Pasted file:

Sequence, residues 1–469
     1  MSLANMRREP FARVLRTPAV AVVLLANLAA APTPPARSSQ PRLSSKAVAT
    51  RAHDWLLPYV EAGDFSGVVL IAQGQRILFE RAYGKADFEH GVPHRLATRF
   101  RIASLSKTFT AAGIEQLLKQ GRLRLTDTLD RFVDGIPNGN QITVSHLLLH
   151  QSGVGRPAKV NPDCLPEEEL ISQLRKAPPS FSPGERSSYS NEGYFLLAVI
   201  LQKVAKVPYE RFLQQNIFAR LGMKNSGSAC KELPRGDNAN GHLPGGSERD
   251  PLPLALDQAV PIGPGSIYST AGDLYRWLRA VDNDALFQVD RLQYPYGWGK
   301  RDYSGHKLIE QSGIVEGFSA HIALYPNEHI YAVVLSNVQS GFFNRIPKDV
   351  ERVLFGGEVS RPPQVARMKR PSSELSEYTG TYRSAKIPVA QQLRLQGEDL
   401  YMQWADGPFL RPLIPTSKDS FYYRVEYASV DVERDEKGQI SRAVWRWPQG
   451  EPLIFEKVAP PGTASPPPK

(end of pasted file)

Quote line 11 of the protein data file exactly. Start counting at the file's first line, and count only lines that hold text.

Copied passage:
   451  EPLIFEKVAP PGTASPPPK